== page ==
To analyze the play Hamlet written by Shakespeare according to Elizabethan conventions, the paper addresses the important particularities of the scene. The part chosen for the analysis is 1.2.87-117 where King Claudius criticizes Hamlet for his continued mourning over King Hamlet. The use of honorifics, stichomythia, and imagery is discussed, as well as the aside, the motif of spying, and the overall mood of the scene will be discussed and evaluated.
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In the scene, King Claudius speaks to Hamlet explaining his disapproval of the Prince’s mourning over his father’s death. The King says, “’Tis sweet and commendable in your nature, Hamlet,/To give these mourning duties to your father[…]” (1.2.90-91). When addressing his words to Hamlet, Claudius does not use the honorific form “thou” but says “you” instead. In such a way, it is demonstrated that the conversation is formal and the two participants of communication keep distance.
The overall mood of the scene is marked with the King’s failure to understand the depths of Hamlet’s sorrow. The feelings of sadness and impossibility to change the rules of life lead the monologue of Claudius. He states, “’Tis unmanly grief./It shows a will most incorrect to heaven” emphasizing the inappropriate exaggeration of mourning Hamlet experiences (1.2.98-99). The second part of the king’s speech is more expressive and personal.
Here, Claudius refers to the need of those who are alive to have a new ruling person “You are the most immediate to our throne” (1.2.113). Thus, the mood of the scene is sad, marked with the necessity to face the truth of death as a part of human destiny. It is also a manifestation of the collision of two worlds: Claudius’ reality and Hamlet’s perception of the tragic events.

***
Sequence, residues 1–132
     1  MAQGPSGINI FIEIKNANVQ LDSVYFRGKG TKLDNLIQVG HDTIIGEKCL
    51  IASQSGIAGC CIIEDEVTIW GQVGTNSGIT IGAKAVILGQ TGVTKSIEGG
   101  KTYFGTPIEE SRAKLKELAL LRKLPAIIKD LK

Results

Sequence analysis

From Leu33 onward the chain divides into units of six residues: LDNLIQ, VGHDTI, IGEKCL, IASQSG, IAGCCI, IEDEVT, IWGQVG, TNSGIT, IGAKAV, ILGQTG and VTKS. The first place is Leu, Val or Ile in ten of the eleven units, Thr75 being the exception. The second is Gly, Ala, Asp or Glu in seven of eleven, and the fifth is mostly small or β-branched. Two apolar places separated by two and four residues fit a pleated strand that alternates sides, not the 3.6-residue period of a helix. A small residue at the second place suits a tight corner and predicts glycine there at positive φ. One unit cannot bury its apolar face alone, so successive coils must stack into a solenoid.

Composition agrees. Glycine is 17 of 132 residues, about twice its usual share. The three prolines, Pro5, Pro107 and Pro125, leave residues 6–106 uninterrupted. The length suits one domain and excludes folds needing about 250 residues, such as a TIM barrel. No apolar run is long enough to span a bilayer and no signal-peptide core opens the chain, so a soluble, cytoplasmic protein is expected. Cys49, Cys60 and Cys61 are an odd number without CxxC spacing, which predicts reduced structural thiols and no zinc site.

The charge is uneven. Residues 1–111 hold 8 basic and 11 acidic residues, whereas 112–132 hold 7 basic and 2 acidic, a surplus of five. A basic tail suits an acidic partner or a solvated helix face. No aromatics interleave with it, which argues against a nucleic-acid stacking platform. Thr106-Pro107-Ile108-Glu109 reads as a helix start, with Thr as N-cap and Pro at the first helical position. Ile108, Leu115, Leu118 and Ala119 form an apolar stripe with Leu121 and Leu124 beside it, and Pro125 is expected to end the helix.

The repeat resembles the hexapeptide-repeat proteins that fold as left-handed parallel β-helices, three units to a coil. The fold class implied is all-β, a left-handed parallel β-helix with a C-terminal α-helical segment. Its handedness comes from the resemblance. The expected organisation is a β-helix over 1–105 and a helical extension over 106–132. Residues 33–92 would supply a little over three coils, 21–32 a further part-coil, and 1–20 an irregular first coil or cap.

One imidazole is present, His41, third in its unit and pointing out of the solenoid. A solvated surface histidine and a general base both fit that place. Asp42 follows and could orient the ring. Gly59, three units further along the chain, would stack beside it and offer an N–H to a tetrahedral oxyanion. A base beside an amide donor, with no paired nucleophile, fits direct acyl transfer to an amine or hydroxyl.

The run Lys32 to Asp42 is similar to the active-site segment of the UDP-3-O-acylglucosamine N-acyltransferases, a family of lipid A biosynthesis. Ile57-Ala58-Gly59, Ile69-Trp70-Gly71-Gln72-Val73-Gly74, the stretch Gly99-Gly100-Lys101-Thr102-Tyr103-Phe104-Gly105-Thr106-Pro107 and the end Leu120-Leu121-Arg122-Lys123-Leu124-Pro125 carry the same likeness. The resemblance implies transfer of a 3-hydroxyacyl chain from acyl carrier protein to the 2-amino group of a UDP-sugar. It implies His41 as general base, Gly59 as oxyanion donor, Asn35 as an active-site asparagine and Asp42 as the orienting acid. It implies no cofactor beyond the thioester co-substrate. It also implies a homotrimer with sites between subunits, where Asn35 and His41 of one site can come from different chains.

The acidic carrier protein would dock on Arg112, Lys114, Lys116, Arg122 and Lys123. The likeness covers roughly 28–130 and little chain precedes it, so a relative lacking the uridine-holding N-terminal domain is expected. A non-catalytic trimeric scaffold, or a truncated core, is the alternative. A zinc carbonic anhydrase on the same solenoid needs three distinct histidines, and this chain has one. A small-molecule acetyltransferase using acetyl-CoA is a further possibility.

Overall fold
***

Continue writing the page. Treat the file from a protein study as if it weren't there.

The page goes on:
There is no example of stichomythia in the passage due to a broad monologue of Claudius. Also, Shakespeare does not include any eavesdropping in the scene. The imagery of the episode is reflected in the notion of death articulated by Claudius as a “common theme” (1.2.107). He refers to heaven and nature as the ruling powers of the world, which are impossible to be fought against by a human. To validate his opinion, Claudius says that “your father lost a father,/That father lost, lost his[…]” (1.2.93-94). Such words create a full description of how death is an inevitable part of human nature.
The passage contains a long monologue of King Claudius addressed to Hamlet. It is not an example of soliloquy; however, it has some characteristics of an insightful observation of the speaker’s personal experience. The author uses aside in the middle of the king’s speech to broaden the narration. References to natural laws and the inevitability of death are presented in the form of asides contributing to the overall message. Several footnotes added to the text help a reader to understand separate words according to their historical usage. They provide contextualization of the original text, simplifying complex concepts.
Concluding the discussion, in the chosen passage from the second scene of the first act of Hamlet by Shakespeare, the author uses specific elements to create a formal, sad and criticizing mood of the scene emphasizing the collision of the two opposing worlds: Claudius’ and Hamlet’s. The imagery of the scene is marked with death and its impact on the lives of people. The difference in the perception of death is included in the king’s speech. Therefore, the passage is a poetic piece remarkably delivering the message important for the whole play.
Shakespeare, William. Hamlet. Edited by Barbara A. Mowat and Paul Werstine, Simon and Schuster, 2014.